(Originally posted August 19, 2008)
I should’ve been a Forum maintenance man.
I remember going to the Forum years ago and noticing a small apartment building a block away. I’ve thought about this apartment building, because it would’ve been the key.
I should’ve saved enough for a year’s rent, went to Montreal as a teenager, and rented an apartment in this building. Then every day, early in the morning, for months on end, I would’ve walked the short block to the Forum and bugged people about a job.
Every day I’d be turned down, but slowly I’d swing into step two. And that would be helping Forum workers carry things from trucks and getting their coffee. I’d do this for free, of course, because it would be all part of the master plan.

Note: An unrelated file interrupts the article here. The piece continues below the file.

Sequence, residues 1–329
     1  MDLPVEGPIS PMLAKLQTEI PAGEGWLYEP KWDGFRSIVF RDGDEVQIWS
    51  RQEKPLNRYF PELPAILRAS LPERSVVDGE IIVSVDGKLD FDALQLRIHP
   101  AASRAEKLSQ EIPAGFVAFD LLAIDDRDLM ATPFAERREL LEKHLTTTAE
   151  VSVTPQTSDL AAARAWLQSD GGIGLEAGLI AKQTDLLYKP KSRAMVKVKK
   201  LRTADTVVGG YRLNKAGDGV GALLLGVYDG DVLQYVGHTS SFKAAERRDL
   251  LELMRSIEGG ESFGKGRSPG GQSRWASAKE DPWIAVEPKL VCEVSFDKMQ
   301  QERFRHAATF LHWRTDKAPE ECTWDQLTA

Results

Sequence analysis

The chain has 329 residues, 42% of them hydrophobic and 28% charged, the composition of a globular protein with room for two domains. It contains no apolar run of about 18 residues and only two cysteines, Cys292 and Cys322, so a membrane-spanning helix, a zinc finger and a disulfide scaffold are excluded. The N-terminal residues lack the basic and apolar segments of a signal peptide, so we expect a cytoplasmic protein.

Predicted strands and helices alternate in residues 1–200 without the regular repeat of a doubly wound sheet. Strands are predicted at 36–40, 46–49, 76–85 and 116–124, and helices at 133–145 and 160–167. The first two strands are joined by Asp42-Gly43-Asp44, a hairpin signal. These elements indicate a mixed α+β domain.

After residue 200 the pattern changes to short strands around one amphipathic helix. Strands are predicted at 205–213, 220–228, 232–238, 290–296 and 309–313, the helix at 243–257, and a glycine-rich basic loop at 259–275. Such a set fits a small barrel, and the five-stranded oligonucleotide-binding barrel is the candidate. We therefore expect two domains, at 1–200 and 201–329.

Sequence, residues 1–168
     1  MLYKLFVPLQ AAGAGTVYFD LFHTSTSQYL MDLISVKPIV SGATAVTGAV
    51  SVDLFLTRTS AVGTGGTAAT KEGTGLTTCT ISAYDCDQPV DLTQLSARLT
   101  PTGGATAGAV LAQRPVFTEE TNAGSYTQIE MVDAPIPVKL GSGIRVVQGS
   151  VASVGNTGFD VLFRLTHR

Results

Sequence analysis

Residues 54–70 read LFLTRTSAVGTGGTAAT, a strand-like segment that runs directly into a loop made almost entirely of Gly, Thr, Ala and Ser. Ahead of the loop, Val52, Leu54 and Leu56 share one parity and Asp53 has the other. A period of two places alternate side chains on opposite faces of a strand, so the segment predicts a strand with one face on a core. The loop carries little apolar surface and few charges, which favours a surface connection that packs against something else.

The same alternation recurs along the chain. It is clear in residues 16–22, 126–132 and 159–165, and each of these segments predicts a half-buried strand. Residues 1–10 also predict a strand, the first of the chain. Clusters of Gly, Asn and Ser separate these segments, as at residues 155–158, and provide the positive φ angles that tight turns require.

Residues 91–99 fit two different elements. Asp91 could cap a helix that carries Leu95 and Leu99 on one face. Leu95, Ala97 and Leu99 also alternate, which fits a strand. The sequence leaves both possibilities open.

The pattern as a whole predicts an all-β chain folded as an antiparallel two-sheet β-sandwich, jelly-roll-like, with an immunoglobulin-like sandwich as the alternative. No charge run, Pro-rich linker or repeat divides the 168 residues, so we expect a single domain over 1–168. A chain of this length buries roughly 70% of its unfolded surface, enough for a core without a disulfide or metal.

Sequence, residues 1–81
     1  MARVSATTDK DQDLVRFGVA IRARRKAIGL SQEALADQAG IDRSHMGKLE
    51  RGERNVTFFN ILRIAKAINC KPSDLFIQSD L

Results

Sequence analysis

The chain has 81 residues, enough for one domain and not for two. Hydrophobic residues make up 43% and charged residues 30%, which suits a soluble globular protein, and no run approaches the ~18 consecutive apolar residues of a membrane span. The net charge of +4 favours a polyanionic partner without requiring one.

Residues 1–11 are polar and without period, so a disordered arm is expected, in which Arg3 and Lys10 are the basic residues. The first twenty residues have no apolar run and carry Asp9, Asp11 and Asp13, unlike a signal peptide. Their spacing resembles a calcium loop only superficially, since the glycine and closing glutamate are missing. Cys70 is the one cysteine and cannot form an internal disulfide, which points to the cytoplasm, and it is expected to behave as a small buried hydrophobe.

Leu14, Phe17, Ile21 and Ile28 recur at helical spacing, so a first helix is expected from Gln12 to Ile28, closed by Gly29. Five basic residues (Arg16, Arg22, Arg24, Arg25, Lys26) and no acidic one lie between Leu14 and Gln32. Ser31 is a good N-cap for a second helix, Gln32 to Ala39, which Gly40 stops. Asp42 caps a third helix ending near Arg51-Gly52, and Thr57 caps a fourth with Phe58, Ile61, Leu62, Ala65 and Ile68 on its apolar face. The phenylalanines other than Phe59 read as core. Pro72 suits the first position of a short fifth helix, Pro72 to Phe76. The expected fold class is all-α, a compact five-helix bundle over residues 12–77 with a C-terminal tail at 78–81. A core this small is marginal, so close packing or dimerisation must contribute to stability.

The workers would soon enough get to know me because I’d be there at the same time every day, and was more than willing to help. They’d see with their own eyes that I really wanted to work at the Forum, and eventually their boss would see this too.
At some point, the Forum needed a new labourer because someone had quit, and because the boss and all the workers liked me and knew I was energetic, I was hired. Probably part-time to start.
I would’ve worked myself into a permanent position, and stayed there for more than thirty years. I would’ve cleaned up hats on the ice. I would’ve fixed the glass, painted lines, laid the red carpet for dignitaries, scraped blood from the ice after John Ferguson had throttled someone, been working the night of the first 1972 Canada-Russia tilt,, and became friendly with all the players and their wives.
I would’ve been at every game and every Stanley Cup in Montreal at the old Forum for more than three decades, helped the boys work out some kinks at the new Molson/Bell Centre, and then retired.
It would’ve been good.